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    1. Granted that admission to competitive colleges usually requires a high school transcript showing mastery of advanced courses in math, literature and foreign language. However, academic success — as opposed to admission — at even competitive colleges does not require advanced high school courses in these subjects. There is no reason why the students cannot take the advanced courses as college freshmen rather than as high school juniors and seniors. The key, of course, would be convincing/compelling the competitive colleges to revise their admissions criteria to place more emphasis on grades, SAT/ACT scores and extracurricular activities and much less emphasis on the number of advanced math, literature and foreign language courses the applicant took in high school. Anecdotal evidence — my personal experience decades ago as well as the experience of my kids and their friends — suggests that their high school AP courses were not an effective substitute for college courses.

      In any event, I would argue that, for middle/upper-middle-class high school graduates, their academic preparation is adequate or better than adequate while their life preparation and citizenship preparation is woefully inadequate. Birth control, sex ed, parenting, cooking, nutrition, shopping, personal finance (credit cards, loans, mortgages), personal taxes, budgeting, resume-writing, interviewing, basic auto maintenance, basic house maintenance, landlord-tenant issues, public speaking, contracts, Title VII — life preparation knowledge/skills that many/most are lacking even after college. The inadequacy of citizenship preparation is demonstrated by the large numbers of these folk who do not vote or vote with their gut — i.e., the Trump voters. And, by “citizenship preparation”, I don’t mean just “it’s important to vote” or knowing the three branches of govt but knowing enough about national policies — macro-economics, tax, corporate finance, trade, environment, local govt expenditures/taxes, civil rights, labor unions, world geography, foreign policy, abortion, guns — to intelligently evaluate candidates and govt decision-making.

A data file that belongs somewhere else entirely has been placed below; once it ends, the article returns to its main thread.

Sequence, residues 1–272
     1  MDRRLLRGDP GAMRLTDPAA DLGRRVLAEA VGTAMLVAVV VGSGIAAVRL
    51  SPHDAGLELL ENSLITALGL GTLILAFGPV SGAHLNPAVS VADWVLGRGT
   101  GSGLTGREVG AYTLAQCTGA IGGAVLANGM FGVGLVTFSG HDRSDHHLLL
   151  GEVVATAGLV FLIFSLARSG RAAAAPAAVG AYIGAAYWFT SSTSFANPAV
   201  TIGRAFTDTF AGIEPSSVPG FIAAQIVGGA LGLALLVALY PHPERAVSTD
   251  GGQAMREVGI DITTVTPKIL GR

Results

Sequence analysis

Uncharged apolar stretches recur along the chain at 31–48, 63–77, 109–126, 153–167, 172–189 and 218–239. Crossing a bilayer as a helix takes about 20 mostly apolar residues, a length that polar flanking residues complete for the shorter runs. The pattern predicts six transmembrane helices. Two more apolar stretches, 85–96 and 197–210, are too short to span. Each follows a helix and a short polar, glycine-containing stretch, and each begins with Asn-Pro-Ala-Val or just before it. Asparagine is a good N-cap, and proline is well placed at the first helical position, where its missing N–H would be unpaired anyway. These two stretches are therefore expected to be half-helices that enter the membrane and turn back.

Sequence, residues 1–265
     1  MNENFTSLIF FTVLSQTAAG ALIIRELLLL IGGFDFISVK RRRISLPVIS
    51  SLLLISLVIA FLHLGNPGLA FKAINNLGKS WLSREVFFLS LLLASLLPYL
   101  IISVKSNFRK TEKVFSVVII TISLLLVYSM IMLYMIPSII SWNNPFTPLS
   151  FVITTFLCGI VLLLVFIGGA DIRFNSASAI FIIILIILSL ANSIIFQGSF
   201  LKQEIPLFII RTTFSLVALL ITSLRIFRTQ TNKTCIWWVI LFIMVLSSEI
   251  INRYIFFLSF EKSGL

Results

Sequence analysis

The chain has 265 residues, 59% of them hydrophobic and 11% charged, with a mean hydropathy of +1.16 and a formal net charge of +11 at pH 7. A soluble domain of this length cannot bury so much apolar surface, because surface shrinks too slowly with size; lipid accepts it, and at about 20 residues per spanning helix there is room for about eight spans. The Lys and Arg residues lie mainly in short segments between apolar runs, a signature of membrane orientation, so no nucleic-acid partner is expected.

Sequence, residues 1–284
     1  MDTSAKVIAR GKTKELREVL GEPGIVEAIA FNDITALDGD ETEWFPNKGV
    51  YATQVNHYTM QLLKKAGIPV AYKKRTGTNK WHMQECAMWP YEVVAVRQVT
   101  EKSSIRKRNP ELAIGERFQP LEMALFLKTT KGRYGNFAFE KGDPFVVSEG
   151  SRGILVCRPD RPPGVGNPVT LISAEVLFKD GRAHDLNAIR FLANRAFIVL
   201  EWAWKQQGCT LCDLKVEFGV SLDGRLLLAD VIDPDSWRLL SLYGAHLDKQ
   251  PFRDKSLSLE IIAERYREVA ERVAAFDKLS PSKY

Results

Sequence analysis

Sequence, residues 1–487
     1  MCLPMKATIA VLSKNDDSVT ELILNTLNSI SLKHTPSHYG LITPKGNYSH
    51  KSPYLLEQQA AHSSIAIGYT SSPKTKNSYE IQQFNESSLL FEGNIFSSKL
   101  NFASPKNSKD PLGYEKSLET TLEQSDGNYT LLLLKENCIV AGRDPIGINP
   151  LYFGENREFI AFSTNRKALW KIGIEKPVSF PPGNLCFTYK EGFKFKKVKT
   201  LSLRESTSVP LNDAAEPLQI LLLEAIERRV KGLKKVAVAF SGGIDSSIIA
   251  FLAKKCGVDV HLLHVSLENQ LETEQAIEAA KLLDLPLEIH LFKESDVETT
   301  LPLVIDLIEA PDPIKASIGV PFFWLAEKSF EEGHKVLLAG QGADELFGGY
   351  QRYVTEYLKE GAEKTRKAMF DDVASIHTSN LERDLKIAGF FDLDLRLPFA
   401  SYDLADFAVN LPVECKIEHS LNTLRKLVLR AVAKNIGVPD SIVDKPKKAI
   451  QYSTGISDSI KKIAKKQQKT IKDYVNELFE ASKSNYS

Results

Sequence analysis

Our society largely relies on parents, the media and the entertainment industry to teach their children life preparation and citizenship preparation. Many/most parents — even upper-middle-class parents — largely fail to teach either to their children (and themselves are woefully inadequate re citizenship preparation). The media and entertainment industry largely ignore many aspects of life preparation and citizenship preparation + many high school and college graduates do not expose themselves to those parts of the media and entertainment industry that do teach the less glamorous aspect of life preparation and citizenship preparation.

      Low-SES students would warrant a separate long comment.

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  3. Labor Lawyer: Colleges and universities view anything “practical” as not academic. That’s why they disdain life preparation and its variants. Elite prep schools continue along the same line, with minor exceptions to alter what they teach. Charter schools that are established with a particular theme probably offer the best hope for change.